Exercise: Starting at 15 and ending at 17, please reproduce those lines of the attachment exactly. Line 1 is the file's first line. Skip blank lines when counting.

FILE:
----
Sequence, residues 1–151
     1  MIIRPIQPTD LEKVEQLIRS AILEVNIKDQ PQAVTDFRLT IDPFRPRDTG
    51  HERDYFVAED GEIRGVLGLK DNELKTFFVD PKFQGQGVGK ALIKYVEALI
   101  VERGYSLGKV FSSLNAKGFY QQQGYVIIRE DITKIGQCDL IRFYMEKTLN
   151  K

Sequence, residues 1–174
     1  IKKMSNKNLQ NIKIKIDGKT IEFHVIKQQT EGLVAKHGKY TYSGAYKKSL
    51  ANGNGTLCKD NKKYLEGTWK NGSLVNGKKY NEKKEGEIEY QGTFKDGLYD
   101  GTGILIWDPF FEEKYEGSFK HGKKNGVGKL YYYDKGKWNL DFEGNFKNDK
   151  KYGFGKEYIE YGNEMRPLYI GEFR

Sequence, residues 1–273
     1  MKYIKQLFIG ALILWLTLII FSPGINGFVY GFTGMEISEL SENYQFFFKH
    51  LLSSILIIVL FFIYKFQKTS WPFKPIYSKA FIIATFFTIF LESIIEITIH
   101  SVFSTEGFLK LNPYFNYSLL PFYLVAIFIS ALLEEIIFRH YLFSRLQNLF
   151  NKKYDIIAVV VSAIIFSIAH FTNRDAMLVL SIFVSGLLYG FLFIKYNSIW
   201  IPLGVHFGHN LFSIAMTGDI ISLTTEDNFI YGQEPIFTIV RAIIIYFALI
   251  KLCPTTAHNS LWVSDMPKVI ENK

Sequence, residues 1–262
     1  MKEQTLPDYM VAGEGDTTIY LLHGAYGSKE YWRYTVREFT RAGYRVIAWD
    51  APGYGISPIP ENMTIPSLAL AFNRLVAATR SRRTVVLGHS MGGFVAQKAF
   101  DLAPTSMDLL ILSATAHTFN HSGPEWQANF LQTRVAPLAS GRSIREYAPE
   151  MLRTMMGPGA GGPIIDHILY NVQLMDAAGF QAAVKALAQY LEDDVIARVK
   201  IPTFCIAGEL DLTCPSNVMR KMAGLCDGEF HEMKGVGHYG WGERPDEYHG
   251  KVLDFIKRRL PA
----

   151  NKKYDIIAVV VSAIIFSIAH FTNRDAMLVL SIFVSGLLYG FLFIKYNSIW
   201  IPLGVHFGHN LFSIAMTGDI ISLTTEDNFI YGQEPIFTIV RAIIIYFALI
   251  KLCPTTAHNS LWVSDMPKVI ENK